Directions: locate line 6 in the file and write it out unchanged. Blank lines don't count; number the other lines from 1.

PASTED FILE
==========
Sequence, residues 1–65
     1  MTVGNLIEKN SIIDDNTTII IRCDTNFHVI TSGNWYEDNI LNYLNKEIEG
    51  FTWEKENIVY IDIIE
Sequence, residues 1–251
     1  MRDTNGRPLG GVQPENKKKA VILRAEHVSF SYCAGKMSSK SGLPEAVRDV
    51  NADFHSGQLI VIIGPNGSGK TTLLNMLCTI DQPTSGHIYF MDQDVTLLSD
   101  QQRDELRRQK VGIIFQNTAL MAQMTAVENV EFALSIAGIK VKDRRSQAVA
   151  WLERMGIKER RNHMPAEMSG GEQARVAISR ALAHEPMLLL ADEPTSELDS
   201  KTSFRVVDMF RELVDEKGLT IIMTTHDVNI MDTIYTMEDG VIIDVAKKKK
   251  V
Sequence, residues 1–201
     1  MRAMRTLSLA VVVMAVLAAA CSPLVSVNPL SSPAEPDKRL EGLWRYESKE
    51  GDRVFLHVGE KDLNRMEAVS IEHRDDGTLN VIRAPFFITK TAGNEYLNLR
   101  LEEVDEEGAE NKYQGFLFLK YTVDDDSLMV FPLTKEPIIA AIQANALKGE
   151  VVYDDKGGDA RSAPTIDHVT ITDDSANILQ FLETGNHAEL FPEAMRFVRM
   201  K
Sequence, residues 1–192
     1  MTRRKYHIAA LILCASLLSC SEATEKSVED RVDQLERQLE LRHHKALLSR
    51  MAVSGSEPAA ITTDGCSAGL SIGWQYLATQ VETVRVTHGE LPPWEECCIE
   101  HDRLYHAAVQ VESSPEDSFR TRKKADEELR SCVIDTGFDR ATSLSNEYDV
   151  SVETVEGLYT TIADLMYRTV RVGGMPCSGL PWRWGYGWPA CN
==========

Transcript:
    51  NADFHSGQLI VIIGPNGSGK TTLLNMLCTI DQPTSGHIYF MDQDVTLLSD